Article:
On 2 November, 2019, my friend Zau Seng was killed whilst part of a Free Burma Rangers mission in Syria. He leaves behind a wife, who is a former Free Burma Ranger, and a daughter. His daughter’s first birthday was the same day he was killed.
“Z”, as he was inevitably called, was hit in the head and neck by mortar shrapnel from a Turkish supported militia whilst travelling in an ambulance about four kilometres north of Tel Tamr, which has been under attack by Turkish forces and their proxies since they invaded in October.
Z was both a medic and cameraman with FBR. From Kachin State in Northern Burma, Zau Seng joined FBR as a medic in 2006 and then became a videographer. It was in this capacity that I met him. We worked together training new Rangers for their roles, me for information collecting and report writing, Zau for using cameras and editing footage.
Zau was not only a brilliant cameraman and teacher, he was useful as a teaching tool – something that used to make him squirm with embarrassment.
To emphasise the importance of information and “getting the story out” I would call Z into the class I was conducting and ask the trainees whether they thought reporting on a situation was as important as the other roles that FBR teams conduct, such as medical assistance.
Then I would tell them Zau’s story.
In 2012 the Burma Army launched a massive offensive against the Kachin. Fighting was heavy, and things looked bleak for the Kachin Independence Army (KIA). Reports reached the outside world of the situation, but the government of Burma understated the issue and assured the international community that the reports were inflated and that the Burma Army was using helicopters for resupply only.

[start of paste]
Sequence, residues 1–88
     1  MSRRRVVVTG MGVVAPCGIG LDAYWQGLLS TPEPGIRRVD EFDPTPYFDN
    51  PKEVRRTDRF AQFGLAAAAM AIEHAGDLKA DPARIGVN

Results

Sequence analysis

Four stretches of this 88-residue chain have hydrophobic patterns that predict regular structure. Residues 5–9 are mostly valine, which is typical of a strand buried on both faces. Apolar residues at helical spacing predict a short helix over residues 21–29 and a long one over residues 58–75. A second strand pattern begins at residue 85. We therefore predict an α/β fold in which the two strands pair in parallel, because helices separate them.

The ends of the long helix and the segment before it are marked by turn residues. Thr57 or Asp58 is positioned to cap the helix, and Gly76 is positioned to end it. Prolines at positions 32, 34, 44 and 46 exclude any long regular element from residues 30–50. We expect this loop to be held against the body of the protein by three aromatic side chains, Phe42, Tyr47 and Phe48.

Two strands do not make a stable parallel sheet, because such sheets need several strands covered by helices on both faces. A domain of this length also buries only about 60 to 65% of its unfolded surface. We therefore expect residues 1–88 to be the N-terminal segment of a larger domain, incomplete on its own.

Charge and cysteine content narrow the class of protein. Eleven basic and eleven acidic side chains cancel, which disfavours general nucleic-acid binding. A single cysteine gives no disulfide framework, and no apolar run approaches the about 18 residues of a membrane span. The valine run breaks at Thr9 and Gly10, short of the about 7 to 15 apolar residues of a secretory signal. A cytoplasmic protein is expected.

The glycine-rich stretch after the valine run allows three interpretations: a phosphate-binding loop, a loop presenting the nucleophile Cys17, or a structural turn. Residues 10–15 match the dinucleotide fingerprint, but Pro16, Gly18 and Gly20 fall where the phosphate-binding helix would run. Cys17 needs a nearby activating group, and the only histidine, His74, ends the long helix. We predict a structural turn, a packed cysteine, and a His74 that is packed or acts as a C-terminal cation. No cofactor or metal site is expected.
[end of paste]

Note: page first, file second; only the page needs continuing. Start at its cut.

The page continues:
Then Zau and another FBR Kachin ranger shot footage that showed the real situation.
The footage went viral as the world’s media picked it up, bought widespread condemnation and caused embarrassment to the Burma government, who enforced a ceasefire almost immediately after the story broke.
After telling the story to my students in the classroom I would point to Zau and say “He did that. THAT’S the power of information. You can stop wars with it.”
Z would inevitably squirm at the attention, much to my amusement.
That was Zau Seng. Brave, modest and tough. With FBR he had worked all across Burma and in Iraq, where he had documented the fighting in Mosul at its very height. He had also been wounded several times previously, including by Burma Army mortar fire in 2015.
His death is a tragedy, especially in the light of his young family, but Z was dedicated to helping others and lived to capture the moment. He literally wouldn’t have been anywhere else. And his sacrifice is certainly appreciated by the people of Rojava, who came out in their thousands to honour the funeral cortege.
I also know he would have been amused at the attention. I’ll admit that when I heard of his death tears started rolling down my cheeks. As I was on a packed train this drew some strange looks. I told this to a friend who had worked with Zau in Iraq. He replied with a laugh. “Z would’ve fucking cracked up at the sight of you sitting there crying surrounded by people,” he said.
And that’s what I will remember about Zau Seng; his sense of humour. He would say the most random and funniest things.
When I worked with an NGO in Kachin, Zau would come visit me whenever he wasn’t off on missions. Once, after looking at my spartan living conditions he told me I was crazy for putting myself in these situations.
“I’m crazy!” I said, “You came to visit and you didn’t even bring whisky!”
“Ah,” he said in his typically dry way. “I’m not crazy. I’m stupid.”
He was one of the best men I’ve ever had the privilege to meet.
And I miss him.
Ed Nash has spent years traveling around the world. Between June 2015 and July 2016 he volunteered with the Kurdish YPG in its battle against ISIS in Syria; his book on his experiences, Desert Sniper, was published in the UK by Little, Brown in September 2018.